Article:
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It's National Spumoni Day! Get creative with classic dessert

Aug. 21, 2014 at 9:25 AM ET

If you think you’ve never had spumoni, you’ve probably come pretty close. It’s basically the ancestor of Neapolitan ice cream: layers of pistachio, cherry and chocolate ice creams, mixed with nuts and bits of candied fruit. Intrigued? Well, August 21 happens to be National Spumoni Day, the perfect excuse to try this classic Italian dessert. Here’s where to find the old-school version, some home-cook takes on it, and a chef’s trendy new spin.

A dessert dish of spumoni, an Italian ice cream; Shutterstock ID 139306424; PO: Today.com
MSPhotographic / Shutterstock / MSPhotographic
Mmm... spumoni!

Immigrants from Naples brought spumoni to the U.S. during the 19th century, as legend goes. They slowly started to incorporate the popular flavors of the day—vanilla, strawberry and chocolate—and then dispensed with the costly fruits and nuts, giving rise to the Neapolitan ice cream we know so well today. If you want to try traditional spumoni, it makes sense to start your search at a legendary red-sauce joint like L&B Spumoni Gardens in Brooklyn, New York, which started selling spumoni out of horse-drawn carriages ages. But you don’t have to live in Brooklyn to get great spumoni: Lots of mom-and-pop Italian food joints across the country have it on the menu.

Making spumoni is a little daunting for the home cook, but food writers and bloggers are coming up with inventive ways to create it without an ice cream maker. Tanya Schroeder, author of the blog Lemons for Lulu, uses an ingenious combo of boxed chocolate cake mixes and pistachio pudding to make spumoni cupcakes, topped off with maraschino cherries. Alaskan food writer Maya Evoy makes a surprisingly easy layered spumoni shortbread cookie. And Michelle Norris over at the Brown Eyed Baker blog offers up an all-out version with homemade pistachio, chocolate and cherry ice creams (though, pssst…you could also soften pints of store-bought ice cream, fold in nuts and fruit, and then layer in a loaf pan and freeze as she directs).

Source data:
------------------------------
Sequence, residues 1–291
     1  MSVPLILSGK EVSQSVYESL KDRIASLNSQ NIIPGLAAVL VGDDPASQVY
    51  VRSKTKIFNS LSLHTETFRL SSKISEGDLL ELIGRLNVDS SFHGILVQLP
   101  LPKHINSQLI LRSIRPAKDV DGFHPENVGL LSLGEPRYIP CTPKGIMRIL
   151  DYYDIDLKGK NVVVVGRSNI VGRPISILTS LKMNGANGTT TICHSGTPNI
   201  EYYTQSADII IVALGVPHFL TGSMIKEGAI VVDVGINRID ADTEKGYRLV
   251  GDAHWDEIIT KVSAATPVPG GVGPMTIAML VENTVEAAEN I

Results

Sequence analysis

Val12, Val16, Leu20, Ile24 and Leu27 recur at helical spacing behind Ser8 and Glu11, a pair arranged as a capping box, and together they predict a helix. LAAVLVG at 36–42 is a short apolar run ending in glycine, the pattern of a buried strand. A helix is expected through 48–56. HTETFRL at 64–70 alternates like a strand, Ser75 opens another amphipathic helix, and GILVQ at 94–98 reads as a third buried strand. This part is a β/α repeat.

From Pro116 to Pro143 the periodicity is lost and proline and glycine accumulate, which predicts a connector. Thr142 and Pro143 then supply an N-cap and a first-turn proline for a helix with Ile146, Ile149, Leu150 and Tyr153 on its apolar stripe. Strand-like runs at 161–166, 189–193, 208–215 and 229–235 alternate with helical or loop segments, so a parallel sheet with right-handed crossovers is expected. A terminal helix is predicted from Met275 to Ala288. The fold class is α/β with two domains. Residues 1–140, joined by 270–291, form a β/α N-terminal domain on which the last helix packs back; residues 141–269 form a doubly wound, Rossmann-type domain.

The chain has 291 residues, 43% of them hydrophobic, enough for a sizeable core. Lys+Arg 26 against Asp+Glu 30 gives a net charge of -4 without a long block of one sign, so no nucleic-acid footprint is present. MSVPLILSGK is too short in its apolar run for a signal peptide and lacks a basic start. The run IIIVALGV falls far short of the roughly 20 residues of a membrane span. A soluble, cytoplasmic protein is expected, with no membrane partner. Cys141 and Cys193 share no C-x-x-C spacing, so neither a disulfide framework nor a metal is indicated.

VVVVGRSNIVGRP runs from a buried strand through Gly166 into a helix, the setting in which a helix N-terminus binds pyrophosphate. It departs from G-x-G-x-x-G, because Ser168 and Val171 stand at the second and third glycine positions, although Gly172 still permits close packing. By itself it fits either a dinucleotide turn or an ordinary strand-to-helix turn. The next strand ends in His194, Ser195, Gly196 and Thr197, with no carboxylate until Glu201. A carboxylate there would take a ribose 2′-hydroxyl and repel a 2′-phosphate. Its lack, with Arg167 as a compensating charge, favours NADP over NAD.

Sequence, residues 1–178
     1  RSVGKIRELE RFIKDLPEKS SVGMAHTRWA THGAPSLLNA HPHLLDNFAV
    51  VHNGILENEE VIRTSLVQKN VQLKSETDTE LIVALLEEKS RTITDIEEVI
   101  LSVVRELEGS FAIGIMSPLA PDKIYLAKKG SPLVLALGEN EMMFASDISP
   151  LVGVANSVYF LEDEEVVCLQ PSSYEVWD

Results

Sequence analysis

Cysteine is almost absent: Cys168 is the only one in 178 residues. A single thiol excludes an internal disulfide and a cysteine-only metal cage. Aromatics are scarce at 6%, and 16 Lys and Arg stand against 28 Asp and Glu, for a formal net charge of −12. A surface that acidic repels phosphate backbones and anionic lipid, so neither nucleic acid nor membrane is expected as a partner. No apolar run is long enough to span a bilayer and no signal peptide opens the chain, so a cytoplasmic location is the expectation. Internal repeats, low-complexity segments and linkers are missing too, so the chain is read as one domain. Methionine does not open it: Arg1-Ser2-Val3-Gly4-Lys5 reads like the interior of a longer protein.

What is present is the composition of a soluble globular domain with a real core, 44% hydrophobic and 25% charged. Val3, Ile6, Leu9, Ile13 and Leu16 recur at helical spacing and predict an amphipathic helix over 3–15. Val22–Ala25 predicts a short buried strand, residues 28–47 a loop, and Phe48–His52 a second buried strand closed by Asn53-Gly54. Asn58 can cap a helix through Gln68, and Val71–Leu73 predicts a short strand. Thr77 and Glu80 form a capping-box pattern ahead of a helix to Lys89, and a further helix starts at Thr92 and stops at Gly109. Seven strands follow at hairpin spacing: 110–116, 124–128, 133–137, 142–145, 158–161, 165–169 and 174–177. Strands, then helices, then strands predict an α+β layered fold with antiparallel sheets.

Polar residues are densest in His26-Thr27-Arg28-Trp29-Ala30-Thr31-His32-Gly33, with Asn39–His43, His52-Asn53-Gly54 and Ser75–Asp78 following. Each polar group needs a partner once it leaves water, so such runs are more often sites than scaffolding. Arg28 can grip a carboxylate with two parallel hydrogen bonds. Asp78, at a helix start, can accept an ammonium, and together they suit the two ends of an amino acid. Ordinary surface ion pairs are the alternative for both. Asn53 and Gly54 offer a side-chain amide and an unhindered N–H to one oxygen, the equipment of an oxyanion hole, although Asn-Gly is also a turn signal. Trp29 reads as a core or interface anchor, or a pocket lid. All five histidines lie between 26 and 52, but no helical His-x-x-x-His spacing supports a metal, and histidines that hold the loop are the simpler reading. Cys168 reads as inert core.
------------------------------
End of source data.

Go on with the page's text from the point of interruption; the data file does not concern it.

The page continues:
Spumoni trio
Tulio
The spumoni trio from Tulio in Seattle.

One Seattle chef is also bringing spumoni back on the restaurant scene—chef Walter Pisano grew up eating spumoni all the time as a kid in New York and New Jersey. Now at Seattle’s Tulio Ristorante, Pisano includes a fancy spumoni trio on his menu: a scoop of spumoni in a handmade cone; a slice of spumoni cake (layers of chocolate, cherry and pistachio) and a spumoni cocktail (recipe below) from bartender Shari Kelly. “Now my own kids really like it so I thought it would be fun to take one of my favorites and make it more current,” he says.

So will we see spumoni popping up on more menus, outside out of pizza joints? Pisano thinks there’s good chance: “If it’s done right, I think it can definitely be embraced. It’s kind of like how classic cocktails, like Manhattans and Martinis, have seen a resurgence. People seem to really like how what’s old is new again.”

Spumoni cocktail

Courtesy Tulio Ristorante

Makes: 1 cocktail

  • 10 pistachios, shelled
  • 1 teaspoon super fine sugar
  • 1 to 2 tablespoons Amarena cherry syrup (from canned cherries)
  • ½ ounce vanilla brandy
  • 1/8 ounce Meletti Ciocolati
  • Small dollop of vanilla whipped cream, plus more for garnish
  • 1 Amarena cherry for garnish

1. Make a pistachio/sugar rim: In a blender or grinder, grind up pistachios then mix with super fine sugar. Wet the rim of a shot glass or cordial glass with the pulp of an orange or lemon wedge, then dip in the pistachio/sugar mixture. The citrus grips the sugar better than water.  

2. Spread the bottom of the glass with just enough Amarena cherry syrup to cover it.

3. In a shaker, build the cocktail by adding the vanilla brandy, Meletti Cioccolato and whipped cream. Shake and strain over the cherry syrup. Garnish with vanilla whipped cream and an Amarena cherry.

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